37 Incredible Emma Goldman Quotes

37 Incredible Emma Goldman Quotes

by / Comments Off / 263 View / Dec 12, 2014

Emma Goldman was an anarchist best known for her political speeches and writing. She was born in the late 1800′s in the Russian Empire, she immigrated to New York City in 1885. Shortly after moving to the states she joined the anarchist movement. She played a vital part in developing the political philosophy for anarchism. She died on May 14, 1940 at the age of 70.

“After all, it means thirteen dollars per month, three meals a day, and a place to sleep. Yet even necessity is not sufficiently strong a factor to bring into the army an element of
character and manhood.”

“Anarchism, then, really stands for the liberation of the human mind from the dominion of religion.”

“Ask for work. If they don’t give you work, ask for bread. If they do not give you work or bread, then take bread.”

“Do not all theists insist that there can be no morality, no justice, no honesty or fidelity without the belief in a Divine Power?”

“Every daring attempt to make a great change in existing conditions, every lofty vision of new possibilities for the human race, has been labelled Utopian.”

“Every society has the criminals it deserves.”

“Free love? as if love is anything but free. Man has bought brains, but all the millions in the world have failed to buy love.”

“His very “uniqueness,” “separateness” and “differentiation” make him an alien, not only in his native place, but even in his own home. Often more so than the foreign born who generally
falls in with the established.”

“I’d rather have roses on my table than diamonds on my neck.”

“If I can’t dance, I don’t want to be part of your revolution.”

“If love does not know how to give and take without restrictions, it is not love, but a transaction that never fails to lay stress on a plus and a minus.”

“If voting changed anything, they’d make it illegal.”

“It is characteristic of theistic “tolerance” that no one really cares what the people believe in, just so they believe or pretend to believe.”

“It is essential that we realize once and for all that man is much more of a sex creature than a moral creature. The former is inherent, the other is grafted on.”

“Let us no overlook vital things, because of the bulk of trifles confronting us. ”

“Love, the strongest and deepest element in all life, the harbinger of hope, of joy, of ecstasy; love, the defier of all laws, of all conventions; love, the freest, the most powerful moulder
of human destiny; how can such an all-compelling force be synonymous with that poor little State and Church-begotten weed, marriage?”

“No great idea in its beginning can ever be within the law. How can it be within the law? The law is stationary. The law is fixed. The law is a chariot wheel which binds us all regardless of
conditions or place or time.”

“No one has yet realized the wealth of sympathy, the kindness and generosity hidden in the soul of a child. The effort of every true education should be to unlock that treasure.”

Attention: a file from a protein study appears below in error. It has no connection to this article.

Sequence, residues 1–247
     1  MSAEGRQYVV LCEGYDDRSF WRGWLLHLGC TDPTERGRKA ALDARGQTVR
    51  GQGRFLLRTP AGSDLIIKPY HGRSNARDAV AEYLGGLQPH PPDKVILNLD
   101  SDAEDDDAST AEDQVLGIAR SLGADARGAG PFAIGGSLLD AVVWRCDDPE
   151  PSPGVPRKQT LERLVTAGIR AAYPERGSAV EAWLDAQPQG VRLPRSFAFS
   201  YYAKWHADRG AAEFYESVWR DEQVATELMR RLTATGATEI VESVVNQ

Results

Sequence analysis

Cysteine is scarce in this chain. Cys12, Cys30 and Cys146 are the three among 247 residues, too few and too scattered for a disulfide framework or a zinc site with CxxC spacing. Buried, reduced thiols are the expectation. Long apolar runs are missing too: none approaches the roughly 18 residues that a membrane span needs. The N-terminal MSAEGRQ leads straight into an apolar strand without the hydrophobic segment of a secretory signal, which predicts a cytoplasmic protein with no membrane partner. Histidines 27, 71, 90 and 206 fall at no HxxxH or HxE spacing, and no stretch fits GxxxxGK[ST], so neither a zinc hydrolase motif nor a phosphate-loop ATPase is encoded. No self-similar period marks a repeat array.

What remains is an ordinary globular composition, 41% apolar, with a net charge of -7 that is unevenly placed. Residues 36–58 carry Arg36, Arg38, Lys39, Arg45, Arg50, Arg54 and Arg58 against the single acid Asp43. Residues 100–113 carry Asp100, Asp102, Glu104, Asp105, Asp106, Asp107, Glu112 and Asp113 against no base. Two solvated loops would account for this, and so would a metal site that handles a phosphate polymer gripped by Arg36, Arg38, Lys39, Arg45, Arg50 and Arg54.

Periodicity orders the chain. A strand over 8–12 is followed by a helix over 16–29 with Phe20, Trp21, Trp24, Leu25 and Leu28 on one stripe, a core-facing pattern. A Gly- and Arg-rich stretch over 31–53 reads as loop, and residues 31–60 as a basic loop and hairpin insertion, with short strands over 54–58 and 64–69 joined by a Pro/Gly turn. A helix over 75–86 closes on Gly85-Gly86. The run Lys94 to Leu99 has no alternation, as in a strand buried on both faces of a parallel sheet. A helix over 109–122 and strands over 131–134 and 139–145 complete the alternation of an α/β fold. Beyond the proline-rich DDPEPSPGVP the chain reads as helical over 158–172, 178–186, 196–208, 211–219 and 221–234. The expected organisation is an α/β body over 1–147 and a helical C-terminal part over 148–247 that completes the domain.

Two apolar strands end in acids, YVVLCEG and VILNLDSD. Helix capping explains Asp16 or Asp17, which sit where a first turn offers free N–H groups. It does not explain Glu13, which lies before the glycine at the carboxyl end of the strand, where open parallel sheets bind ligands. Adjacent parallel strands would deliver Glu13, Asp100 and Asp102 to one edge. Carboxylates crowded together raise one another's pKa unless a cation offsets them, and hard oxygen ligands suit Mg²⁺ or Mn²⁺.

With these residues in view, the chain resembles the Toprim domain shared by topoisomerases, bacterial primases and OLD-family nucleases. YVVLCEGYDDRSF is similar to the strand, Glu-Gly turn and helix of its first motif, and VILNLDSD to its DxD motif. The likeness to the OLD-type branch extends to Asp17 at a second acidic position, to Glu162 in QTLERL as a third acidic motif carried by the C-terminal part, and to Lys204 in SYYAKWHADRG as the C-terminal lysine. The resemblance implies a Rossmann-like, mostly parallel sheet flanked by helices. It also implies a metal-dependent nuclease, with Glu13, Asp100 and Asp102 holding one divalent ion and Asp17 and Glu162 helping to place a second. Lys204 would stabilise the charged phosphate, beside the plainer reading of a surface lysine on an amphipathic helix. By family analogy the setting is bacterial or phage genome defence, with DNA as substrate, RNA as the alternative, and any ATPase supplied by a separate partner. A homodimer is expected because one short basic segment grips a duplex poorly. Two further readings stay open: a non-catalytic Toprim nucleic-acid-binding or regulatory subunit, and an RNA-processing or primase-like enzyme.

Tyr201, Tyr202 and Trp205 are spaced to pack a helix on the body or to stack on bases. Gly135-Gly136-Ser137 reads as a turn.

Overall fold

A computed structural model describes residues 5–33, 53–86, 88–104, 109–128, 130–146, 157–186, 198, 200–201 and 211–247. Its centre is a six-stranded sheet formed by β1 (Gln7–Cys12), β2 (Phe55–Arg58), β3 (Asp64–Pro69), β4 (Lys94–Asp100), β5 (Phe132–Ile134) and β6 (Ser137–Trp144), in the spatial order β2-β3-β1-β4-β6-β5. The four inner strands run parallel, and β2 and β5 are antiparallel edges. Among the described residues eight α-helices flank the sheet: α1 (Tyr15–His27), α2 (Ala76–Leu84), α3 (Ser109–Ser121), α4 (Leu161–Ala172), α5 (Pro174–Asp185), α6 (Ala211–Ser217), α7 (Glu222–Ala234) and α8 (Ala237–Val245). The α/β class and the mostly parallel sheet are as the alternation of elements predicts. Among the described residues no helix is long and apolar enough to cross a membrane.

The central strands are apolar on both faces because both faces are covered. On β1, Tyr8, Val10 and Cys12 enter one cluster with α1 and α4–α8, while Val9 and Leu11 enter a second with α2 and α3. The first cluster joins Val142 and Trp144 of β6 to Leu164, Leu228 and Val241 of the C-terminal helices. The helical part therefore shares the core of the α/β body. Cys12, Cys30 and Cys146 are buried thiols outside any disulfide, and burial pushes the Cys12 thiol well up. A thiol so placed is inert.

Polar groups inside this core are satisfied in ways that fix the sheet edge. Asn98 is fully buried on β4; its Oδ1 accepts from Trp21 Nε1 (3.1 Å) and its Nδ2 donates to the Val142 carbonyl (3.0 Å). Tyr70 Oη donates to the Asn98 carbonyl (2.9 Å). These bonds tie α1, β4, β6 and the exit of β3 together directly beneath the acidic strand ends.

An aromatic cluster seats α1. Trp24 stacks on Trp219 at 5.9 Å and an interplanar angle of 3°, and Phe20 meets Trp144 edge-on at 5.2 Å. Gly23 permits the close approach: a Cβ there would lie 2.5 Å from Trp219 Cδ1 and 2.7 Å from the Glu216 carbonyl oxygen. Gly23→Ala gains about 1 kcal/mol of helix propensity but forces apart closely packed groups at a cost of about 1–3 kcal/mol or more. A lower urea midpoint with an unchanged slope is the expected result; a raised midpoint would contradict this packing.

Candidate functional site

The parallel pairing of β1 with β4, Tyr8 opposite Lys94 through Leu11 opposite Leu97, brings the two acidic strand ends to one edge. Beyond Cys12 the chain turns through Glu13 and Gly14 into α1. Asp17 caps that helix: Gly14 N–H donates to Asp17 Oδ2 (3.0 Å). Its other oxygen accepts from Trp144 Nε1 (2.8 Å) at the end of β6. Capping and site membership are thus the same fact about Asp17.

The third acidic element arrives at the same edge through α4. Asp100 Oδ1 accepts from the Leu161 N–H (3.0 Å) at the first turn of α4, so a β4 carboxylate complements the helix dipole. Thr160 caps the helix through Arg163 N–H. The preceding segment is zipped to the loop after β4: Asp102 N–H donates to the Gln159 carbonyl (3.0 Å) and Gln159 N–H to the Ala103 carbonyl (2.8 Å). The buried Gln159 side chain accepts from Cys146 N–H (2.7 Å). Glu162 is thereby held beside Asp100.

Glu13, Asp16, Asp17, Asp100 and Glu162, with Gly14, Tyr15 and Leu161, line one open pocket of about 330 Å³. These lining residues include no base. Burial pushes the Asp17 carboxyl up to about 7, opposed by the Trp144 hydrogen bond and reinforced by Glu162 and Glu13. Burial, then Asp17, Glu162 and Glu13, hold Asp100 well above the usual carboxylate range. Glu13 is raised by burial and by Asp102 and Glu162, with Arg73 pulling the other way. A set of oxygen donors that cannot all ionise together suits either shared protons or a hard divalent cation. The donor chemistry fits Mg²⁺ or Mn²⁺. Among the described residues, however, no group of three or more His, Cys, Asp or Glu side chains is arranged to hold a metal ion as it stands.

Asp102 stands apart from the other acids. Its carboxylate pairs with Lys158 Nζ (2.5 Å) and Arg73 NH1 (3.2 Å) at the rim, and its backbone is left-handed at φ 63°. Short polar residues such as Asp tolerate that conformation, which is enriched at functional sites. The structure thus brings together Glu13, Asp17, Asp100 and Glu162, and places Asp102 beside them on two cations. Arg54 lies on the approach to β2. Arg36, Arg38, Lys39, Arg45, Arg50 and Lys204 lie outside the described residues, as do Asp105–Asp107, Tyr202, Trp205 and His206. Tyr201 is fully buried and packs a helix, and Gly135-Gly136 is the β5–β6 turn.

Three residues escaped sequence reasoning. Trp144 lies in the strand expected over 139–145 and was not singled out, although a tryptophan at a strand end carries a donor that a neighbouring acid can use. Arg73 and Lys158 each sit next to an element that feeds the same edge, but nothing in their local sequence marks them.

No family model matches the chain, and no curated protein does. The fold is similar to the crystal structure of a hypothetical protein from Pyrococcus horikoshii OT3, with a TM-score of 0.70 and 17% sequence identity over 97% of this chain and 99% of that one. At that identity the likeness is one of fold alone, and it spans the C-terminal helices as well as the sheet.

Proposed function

“No real social change has ever been brought about without a revolution. ”

“Perhaps even more than constituted authority, it is social uniformity and sameness that harass the individual most.”

“Someone has said that it requires less mental effort to condemn than to think.”

“The demand for equal rights in every vocation of life is just and fair; but, after all, the most vital right is the right to love and be loved.”

“The import is not the kind of work woman does, but rather the quality of the work she furnishes. ”

“The inherent tendency of the State is to concentrate, to narrow, and monopolize all social activities; the nature of revolution is, on the contrary, to grow, to broaden, and disseminate
itself in ever-wider circles. In other words, the State is institutional and static; revolution is fluent, dynamic.”

“The most unpardonable sin in society is independence of thought.”

“The most violent element in society is ignorance.”

“The motto should not be: Forgive one another; rather understand one another.”

“The political arena leaves one no alternative, one must either be a dunce or a rogue.”

“There are, however, some potentates I would kill by any and all means at my disposal. They are Ignorance, Superstition, and Bigotry — the most sinister and tyrannical rulers on earth.”

“There is no hope even that woman, with her right to vote, will ever purify politics.”

“Thinking men and women the world over are beginning to realize that patriotism is too narrow and limited a conception to meet the necessities of our time.”

“True, we have no conscription; that is, men are not usually forced to enlist in the army, but we have developed a far more exacting and rigid force–necessity.”

“We Americans claim to be a peace-loving people. We hate bloodshed; we are opposed to violence. Yet we go into spasms of joy over the possibility of projecting dynamite bombs from flying
machines upon helpless citizens. ”

“What is patriotism? Is it love of one’s birthplace, the place of childhood’s recollections and hopes, dreams and aspirations? Is it the place where, in childlike naïveté, we would watch the
passing clouds, and wonder why we, too, could not float so swiftly? The place where we would count the milliard glittering stars, terror-stricken lest each one “an eye should be,” piercing
the very depths of our little souls?”

“When we have undermined the patriotic lie, we shall have cleared the path for the great structure where all shall be united into a universal brotherhood — a truly free society.”

“Women need not always keep their mouths shut and their wombs open.”

“Yes, love is free; it can dwell in no other atmosphere.”